Impromptu guilty verdicts issued at the time by the United States and Israel unsurprisingly pinned the blame for the AMIA bombing on Hezbollah and its Iranian benefactor. Award-winning historian and journalist Gareth Porter, who labored to separate fact from propaganda in a thorough investigation for The Nation in 2008, quotes the former chief of the political section at the US Embassy in Buenos Aires on the “wall of assumptions” under which the US was operating: “The primary assumptions, [he] said, were that the explosion was a suicide bombing and that use of a suicide bomb was prima facie evidence of involvement by Hezbollah and therefore Iran."
As Porter documents, the allegation that the bomb had exploded in front of the AMIA in a white Renault Trafic van found little substantiation in reality. For one thing, the US Bureau of Alcohol, Tobacco and Firearms produced an on-scene post-explosion report "suggesting that the blast came from inside rather than outside" the AMIA building.
For another, only one out of approximately two hundred eyewitnesses claimed to recall a white Renault Trafic.
In the case of the Hariri assassination, meanwhile, the prosecution’s narrative has presumably been aided by the nighttime removal from the crime scene of vehicular evidence, the revelation of which sparked accusations of tampering and concealment.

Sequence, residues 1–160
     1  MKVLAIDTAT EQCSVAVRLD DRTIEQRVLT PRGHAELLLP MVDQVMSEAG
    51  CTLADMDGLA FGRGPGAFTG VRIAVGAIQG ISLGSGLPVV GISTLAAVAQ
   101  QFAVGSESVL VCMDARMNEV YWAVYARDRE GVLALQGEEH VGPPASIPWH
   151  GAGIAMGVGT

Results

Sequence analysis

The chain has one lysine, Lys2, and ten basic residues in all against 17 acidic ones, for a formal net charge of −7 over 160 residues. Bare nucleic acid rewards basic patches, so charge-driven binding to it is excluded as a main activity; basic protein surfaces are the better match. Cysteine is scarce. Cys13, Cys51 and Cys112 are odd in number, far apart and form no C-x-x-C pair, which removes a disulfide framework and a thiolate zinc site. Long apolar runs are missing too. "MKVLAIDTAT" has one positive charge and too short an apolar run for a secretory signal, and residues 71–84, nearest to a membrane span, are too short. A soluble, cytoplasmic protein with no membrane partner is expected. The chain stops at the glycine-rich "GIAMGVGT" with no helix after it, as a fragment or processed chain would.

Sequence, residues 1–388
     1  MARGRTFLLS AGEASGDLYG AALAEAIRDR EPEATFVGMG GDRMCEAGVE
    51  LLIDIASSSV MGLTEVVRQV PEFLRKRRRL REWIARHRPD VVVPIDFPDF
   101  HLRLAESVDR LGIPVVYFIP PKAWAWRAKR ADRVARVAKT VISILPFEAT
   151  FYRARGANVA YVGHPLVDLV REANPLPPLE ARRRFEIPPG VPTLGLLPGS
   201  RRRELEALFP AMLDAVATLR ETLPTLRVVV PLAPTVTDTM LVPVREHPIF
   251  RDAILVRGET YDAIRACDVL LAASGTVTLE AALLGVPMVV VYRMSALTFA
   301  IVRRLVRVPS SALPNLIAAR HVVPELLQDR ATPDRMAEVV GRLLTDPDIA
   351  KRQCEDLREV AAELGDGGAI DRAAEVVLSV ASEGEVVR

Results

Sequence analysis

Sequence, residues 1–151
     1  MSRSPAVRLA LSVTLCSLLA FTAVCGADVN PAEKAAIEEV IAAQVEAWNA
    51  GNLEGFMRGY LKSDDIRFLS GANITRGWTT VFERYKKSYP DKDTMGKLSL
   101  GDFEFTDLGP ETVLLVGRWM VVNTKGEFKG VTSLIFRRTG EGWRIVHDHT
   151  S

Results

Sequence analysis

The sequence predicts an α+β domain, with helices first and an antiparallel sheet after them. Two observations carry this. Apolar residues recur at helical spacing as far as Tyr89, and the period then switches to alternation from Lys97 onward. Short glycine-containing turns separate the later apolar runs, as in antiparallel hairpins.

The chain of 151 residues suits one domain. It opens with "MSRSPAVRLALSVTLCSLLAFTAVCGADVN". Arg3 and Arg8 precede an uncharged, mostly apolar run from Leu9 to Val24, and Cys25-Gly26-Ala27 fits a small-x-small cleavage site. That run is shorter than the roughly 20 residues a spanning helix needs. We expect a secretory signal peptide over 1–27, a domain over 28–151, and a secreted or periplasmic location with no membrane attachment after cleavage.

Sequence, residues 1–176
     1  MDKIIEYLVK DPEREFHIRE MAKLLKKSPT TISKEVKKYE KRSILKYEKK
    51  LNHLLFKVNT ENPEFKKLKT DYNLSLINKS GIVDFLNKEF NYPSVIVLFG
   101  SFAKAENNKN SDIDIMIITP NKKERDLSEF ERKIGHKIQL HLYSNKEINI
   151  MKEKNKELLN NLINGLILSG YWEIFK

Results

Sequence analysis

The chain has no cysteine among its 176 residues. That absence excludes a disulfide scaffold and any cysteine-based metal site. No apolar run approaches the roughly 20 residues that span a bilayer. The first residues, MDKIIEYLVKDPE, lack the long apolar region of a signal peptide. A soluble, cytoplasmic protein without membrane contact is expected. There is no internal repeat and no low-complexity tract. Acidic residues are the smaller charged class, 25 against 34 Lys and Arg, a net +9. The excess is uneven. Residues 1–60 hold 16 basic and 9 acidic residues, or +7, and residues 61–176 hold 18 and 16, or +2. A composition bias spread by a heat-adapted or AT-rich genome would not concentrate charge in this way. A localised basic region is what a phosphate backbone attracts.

Just Not That Special
As the US- and Israeli-backed story goes, the AMIA plot was hatched by terrorists in the tri-border area between Argentina, Brazil, and Paraguay.
However, a superior officer in the Paraguayan Special Operations Group—a special forces unit created specifically to investigate such accusations—confirmed to me last year that no positive evidence whatsoever had yet turned up, despite charitable encouragement from visiting members of the CIA.
In both Buenos Aires and Beirut, mobile phone logs have been presented as alleged evidence of suspects’ guilt. In the latter case, this has been done with no regard for Israel’s manipulation of Lebanese cellular networks; in the former, even the previous head of the FBI’s Hezbollah office commented to Porter that "Using that analysis, you could link my telephone to bin Laden's.”
Of course, it’s not difficult to see who ultimately benefits from efforts to incriminate the anti-Israeli resistance in acts of domestic and international terrorism.
Meanwhile, the terroristic behavior regularly exhibited by Israel in Lebanon—sometimes with the help of rush shipments of weapons from the United States—has never been met with a “special tribunal.” Apparently, the slaughtering of civilians by certain parties simply isn't of special interest.
And then there is the cost. The BBC noted in January that “[t]he STL itself, leave aside the nearly four years of international investigation that preceded its establishment, has already cost around $325 million."
In an afflicted country in which much of the population subsists on twelve hours of electricity a day, more useful projects could no doubt be undertaken than an expensive and politically motivated judicial farce with a predetermined end.
Belén Fernández is the author of The Imperial Messenger: Thomas Friedman at Work, published by Verso. She is a contributing editor at Jacobin magazine.